Martha Piper is a smooth operator.
Just before taking over as UBC’s interim president on September 1, Piper wrote an op-ed for the Vancouver Sun to contextualize -- critics might say gloss over -- Guptagate, the scandal engulfing the university in the weeks since Arvind Gupta mysteriously left his post as president.
“Martha Piper celebrates recent No. 2 ranking of Canadian university, but says it should be No. 1,” the Sun trumpeted. There was little mention of Gupta aside from Piper noting the issue paled in comparison to the Great Depression and both World Wars.
Piper, whose tactical skill was widely praised during her previous term from 1997-2006, is upbeat and likeable -- exactly what UBC needs as it tries to weather the current storm.
“The wonderful things about UBC that make it great are still there,” Piper said in an interview Thursday. “Nothing has changed.”
While she points out that the university's day-to-day academic functions and research work has continued despite the presidential leadership switch, the notion “nothing has changed” is belied by the state of her office on the top floor of Koerner Library.
The tables are bare and the shelves empty, evidence of the hasty leadership transition. But the new president, dressed smartly in a powder blue blazer, plays it off.
“I think the weirdest thing is getting into an elevator,” Piper, who served her first term in a ground floor office, said with a laugh.
Piper appears unflappable as UBC does damage control and tries to ensure stability as it searches for a permanent president.
“She’s a great communicator, charismatic and whip smart,” UBC public relations director Susan Danard wrote in an email to The Ubyssey.
The adjectives certainly fit, though they hint at what the university was looking for in an interim leader: someone to reassure and present UBC’s best face to the public.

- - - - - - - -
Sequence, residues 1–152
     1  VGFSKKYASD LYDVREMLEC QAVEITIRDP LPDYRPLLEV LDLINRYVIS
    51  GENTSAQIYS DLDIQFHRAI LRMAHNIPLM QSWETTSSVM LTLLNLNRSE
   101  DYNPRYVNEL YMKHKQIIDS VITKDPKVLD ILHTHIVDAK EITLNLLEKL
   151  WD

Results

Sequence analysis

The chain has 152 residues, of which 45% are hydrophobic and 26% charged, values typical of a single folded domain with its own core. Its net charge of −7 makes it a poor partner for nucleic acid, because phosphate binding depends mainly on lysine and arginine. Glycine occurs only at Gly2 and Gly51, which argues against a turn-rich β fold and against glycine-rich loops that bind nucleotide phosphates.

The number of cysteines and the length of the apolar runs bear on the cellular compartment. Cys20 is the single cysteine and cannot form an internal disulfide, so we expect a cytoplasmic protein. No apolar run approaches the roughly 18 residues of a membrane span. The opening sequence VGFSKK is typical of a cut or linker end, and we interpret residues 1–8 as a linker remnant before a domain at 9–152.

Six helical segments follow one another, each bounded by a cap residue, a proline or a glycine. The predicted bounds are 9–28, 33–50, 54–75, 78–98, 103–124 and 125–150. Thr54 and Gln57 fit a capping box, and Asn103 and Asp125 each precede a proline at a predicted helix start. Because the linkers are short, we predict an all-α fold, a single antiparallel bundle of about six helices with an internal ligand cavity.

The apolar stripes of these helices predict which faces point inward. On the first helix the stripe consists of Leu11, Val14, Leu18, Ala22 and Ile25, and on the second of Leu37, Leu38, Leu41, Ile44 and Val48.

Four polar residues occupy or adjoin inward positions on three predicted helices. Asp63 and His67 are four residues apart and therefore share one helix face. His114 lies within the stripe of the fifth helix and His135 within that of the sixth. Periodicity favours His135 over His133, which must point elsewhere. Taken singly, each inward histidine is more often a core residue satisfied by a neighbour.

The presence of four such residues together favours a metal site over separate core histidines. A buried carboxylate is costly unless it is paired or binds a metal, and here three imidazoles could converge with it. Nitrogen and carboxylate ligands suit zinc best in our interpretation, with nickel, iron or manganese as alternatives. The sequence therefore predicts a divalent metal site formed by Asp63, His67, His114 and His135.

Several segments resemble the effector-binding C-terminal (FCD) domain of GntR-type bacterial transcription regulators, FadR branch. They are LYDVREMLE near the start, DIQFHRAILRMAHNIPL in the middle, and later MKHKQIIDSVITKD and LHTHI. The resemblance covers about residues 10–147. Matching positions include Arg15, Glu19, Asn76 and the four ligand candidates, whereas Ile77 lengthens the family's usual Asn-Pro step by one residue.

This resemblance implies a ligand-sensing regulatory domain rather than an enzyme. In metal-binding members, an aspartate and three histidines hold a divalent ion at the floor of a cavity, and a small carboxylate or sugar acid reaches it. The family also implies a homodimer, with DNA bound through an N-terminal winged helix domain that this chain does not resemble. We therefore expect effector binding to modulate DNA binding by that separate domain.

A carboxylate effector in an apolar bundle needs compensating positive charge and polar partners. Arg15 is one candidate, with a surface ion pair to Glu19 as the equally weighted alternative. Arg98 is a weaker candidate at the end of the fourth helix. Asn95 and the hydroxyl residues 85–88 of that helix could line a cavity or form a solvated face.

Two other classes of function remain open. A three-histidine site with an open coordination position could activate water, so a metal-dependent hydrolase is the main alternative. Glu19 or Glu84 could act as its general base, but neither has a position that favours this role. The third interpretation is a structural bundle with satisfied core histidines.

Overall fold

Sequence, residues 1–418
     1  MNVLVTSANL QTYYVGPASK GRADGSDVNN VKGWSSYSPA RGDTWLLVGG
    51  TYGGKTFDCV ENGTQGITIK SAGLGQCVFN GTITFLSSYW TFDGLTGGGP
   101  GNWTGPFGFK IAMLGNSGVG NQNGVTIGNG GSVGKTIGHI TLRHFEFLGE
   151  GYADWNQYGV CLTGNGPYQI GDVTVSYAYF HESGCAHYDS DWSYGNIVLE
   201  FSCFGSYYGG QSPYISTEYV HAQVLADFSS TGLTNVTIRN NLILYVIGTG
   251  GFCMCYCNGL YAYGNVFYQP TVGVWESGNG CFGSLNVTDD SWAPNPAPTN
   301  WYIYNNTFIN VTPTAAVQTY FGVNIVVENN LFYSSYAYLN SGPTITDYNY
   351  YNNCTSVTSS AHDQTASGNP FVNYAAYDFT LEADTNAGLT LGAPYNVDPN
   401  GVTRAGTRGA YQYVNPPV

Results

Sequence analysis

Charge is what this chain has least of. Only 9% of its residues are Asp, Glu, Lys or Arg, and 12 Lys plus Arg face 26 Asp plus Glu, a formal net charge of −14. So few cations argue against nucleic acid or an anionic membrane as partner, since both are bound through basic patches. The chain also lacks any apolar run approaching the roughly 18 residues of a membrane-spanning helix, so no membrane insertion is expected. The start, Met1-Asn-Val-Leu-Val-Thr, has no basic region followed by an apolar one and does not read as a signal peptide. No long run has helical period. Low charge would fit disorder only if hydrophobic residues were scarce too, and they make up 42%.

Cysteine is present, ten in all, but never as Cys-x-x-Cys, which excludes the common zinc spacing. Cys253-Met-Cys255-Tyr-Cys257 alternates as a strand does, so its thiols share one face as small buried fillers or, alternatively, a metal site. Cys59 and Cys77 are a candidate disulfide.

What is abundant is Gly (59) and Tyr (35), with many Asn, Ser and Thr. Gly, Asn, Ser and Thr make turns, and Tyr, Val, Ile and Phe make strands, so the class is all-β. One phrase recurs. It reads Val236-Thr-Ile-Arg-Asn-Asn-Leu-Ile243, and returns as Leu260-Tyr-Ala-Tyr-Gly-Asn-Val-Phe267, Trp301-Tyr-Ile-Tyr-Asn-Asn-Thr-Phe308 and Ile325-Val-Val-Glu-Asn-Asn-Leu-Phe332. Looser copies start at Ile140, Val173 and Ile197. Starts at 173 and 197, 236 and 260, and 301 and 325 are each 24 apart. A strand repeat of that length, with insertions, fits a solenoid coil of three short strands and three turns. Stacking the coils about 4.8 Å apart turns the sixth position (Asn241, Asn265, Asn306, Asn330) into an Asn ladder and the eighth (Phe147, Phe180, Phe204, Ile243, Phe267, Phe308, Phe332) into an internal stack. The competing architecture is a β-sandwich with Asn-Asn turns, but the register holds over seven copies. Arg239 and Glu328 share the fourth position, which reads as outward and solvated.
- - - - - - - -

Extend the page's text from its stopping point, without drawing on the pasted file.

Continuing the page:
Then-president Martha Piper with Her Majesty Queen Elizabeth II on 7th October 2002, during the queen's visit to the university
Piper is also, of course, the real deal and no stranger to dealing with blowback from her predecessors’ controversial actions. Almost immediately after taking over as president in 1997 Piper was confronted with protests over UBC hosting the APEC summit of Asian heads of state, including alleged dictators. The summit had been arranged by her predecessor David Strangway, but Piper was left to deal with fallout from a brutal RCMP crackdown on student protesters.
If the APEC summit was a low point for UBC’s international outreach, Piper said she is especially proud of her own global initiatives including the creation of student residences on campus like the UBC-Korea house that host students from abroad.
“I felt really strongly that we needed to internationalize the campus,” Piper, herself an example of the university’s global character, explained.
Born and raised in the United States, Piper’s faint midwestern accent betrays her Ohio upbringing. Arriving in Montreal in the early 1970s when her husband was offered a teaching position at McGill, Piper said she expected to stay just a few years. Instead, having earned a PhD in epidemiology and biostatistics Piper fell into academic administration after being offered a director job at McGill.
“I did not sit there as a young person saying, ‘I want to be a vice president, or I want to be a dean,” Piper recalled.
Yet Piper did just that, moving from McGill to be first a dean and then vice president at the University of Alberta before landing the president job in Point Grey.